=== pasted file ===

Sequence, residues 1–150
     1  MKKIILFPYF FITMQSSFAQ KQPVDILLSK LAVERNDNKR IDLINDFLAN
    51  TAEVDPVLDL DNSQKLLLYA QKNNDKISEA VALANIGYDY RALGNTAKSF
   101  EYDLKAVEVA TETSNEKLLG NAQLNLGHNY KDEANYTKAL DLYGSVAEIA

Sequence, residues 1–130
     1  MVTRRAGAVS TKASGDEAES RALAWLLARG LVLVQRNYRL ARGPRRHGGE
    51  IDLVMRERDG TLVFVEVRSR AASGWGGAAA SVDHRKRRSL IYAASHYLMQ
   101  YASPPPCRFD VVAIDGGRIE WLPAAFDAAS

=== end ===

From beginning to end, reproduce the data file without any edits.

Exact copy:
Sequence, residues 1–150
     1  MKKIILFPYF FITMQSSFAQ KQPVDILLSK LAVERNDNKR IDLINDFLAN
    51  TAEVDPVLDL DNSQKLLLYA QKNNDKISEA VALANIGYDY RALGNTAKSF
   101  EYDLKAVEVA TETSNEKLLG NAQLNLGHNY KDEANYTKAL DLYGSVAEIA

Sequence, residues 1–130
     1  MVTRRAGAVS TKASGDEAES RALAWLLARG LVLVQRNYRL ARGPRRHGGE
    51  IDLVMRERDG TLVFVEVRSR AASGWGGAAA SVDHRKRRSL IYAASHYLMQ
   101  YASPPPCRFD VVAIDGGRIE WLPAAFDAAS